Fuller said Wood got back into his car and drove the 5 miles to his house near the Methodist Children's Home Boys Ranch, on Boys Ranch Road and got there about 4:30 a.m.
A witness interviewed during the recent investigation told detectives he'd seen Wood get out of his car at about 3:30 a.m. that morning and his clothes were stained with blood.
"We looked everywhere for that car," Fuller said.
"(Texas) Ranger Jake Burson went through years of vehicle records and we think we found where it was sold to Wood but we've never been able to track it down since then."
McNamara said Wood can be tied to other acts of violence, including shooting an elderly woman in the head and attacking her son.
The shooting victim was only slightly injured by the bullet that only grazed her scalp and the son was able to overpower Wood with a shovel until deputies could arrive and arrest him.
Wood served time in the Texas prison system after he was convicted of assaulting the couple.
Bramlett's mother Gail told investigators she last saw her daughter at about 1:30 a.m. on Sunday Aug. 8, 1982.
After she learned deputies found a body on Aug. 10, she reported Beth missing the next day.
Several of Bramlett's surviving family members came to Waco to meet with McNamara ad the old case detectives earlier so the deputies could lay out their case against Wood.
"After we finished they told us they were leaving 100 percent sure that we'd found the right murderer."
Edwin Otto "Windy" Stuckley, at 93 probably the oldest current resident of Axtell, moved there in 1958.
One morning late last summer he sat out in his yard with his dog and looked westward, just a couple of blocks, to where the train tracks used to run.
"It was right over there," he said, sweeping his hand toward the spot where the tracks used to be.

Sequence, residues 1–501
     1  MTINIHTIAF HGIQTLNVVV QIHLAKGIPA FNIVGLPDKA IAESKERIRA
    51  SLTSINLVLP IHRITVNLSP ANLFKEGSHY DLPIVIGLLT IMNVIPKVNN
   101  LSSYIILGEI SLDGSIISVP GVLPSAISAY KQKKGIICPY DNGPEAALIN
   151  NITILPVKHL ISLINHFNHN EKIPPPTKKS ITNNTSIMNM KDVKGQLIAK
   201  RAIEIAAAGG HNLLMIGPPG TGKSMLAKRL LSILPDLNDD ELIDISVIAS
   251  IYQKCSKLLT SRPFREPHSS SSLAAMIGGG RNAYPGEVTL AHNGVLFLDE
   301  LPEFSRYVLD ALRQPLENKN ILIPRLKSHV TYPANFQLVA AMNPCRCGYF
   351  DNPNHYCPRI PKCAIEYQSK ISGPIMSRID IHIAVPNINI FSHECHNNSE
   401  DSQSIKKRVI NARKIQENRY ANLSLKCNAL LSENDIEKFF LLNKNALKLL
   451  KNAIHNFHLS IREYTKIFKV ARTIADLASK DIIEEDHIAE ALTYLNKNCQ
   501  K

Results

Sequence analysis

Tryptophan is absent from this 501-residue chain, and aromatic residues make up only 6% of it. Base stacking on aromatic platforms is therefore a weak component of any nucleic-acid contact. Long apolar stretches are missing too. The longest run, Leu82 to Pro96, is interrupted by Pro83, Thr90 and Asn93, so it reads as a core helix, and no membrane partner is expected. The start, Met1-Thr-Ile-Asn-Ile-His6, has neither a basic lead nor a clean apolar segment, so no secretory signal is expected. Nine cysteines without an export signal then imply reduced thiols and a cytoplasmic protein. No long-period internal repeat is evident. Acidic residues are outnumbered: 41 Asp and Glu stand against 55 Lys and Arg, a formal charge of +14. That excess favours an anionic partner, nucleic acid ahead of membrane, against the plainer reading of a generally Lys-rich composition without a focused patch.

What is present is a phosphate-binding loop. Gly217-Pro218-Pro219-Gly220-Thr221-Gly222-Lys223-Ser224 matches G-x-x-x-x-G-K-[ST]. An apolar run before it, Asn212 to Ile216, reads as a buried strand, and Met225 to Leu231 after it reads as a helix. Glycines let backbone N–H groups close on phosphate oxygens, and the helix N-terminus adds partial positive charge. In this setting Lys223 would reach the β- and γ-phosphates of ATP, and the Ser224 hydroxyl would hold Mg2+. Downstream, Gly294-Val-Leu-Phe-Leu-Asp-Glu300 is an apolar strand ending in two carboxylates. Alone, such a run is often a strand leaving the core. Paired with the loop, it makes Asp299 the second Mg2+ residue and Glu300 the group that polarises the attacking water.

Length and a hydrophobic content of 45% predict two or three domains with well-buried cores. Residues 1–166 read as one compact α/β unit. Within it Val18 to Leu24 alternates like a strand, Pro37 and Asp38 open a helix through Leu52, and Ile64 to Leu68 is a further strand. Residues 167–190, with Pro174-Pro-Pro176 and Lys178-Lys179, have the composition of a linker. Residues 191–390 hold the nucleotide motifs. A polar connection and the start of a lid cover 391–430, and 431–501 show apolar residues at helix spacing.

"They found her body right there on the tracks."
Larry Walts worked with Bramlett’s father, John.
“This really ate him up,” he recalled.
Walts said Bramlett died a broken man.
"That murder shook this little town up," Walts said.
WACO, Texas (KWTX)--The eight-man unit at the McLennan County Sheriff’s Office formed last September to work on unsolved cases includes names of some big-time investigators who not only know how to solve murders, but they know the territory.
The group gathered Wednesday to lay out their solution to a 35-year-old Axtell murder case that involved a popular high school senior and identified her killer as Talmadge Wayne Wood, who died in 2014 at the age of 74.
McNamara is a member of the group. So are Steve January, a veteran former Waco police officer and a former investigator for the district attorney’s office; Terry Fuller, who’s back for a second stint at the sheriff’s office; David Kilcrease, who is McNamara’s second-in-command; and Fred Rhea, now retired, but with 28 years’ experience as an investigator for the Office of the Inspector General and on the FBI’s Violent Crimes Task Force.
Texas Ranger Jake Burson, SO Criminal Investigation Division Lt. Cody Blossman and David Ives, the computer specialist, round out the list.
Combined, they bring several hundred years of experience in tracking down violent criminals
“They have the green light from me,” McNamara said. “They have my permission to do whatever they need to do to clear cold cases. “They don’t have to come to me to tell me what they’re doing, they just go do it,” McNamara said.
Though he didn’t provide many details, the sheriff said the squad already is working on eight cold cases.
“We invite anybody to bring a case to us,” McNamara said. “We’ll work with any department anywhere to help clear up a cold case, whether it’s our or theirs.”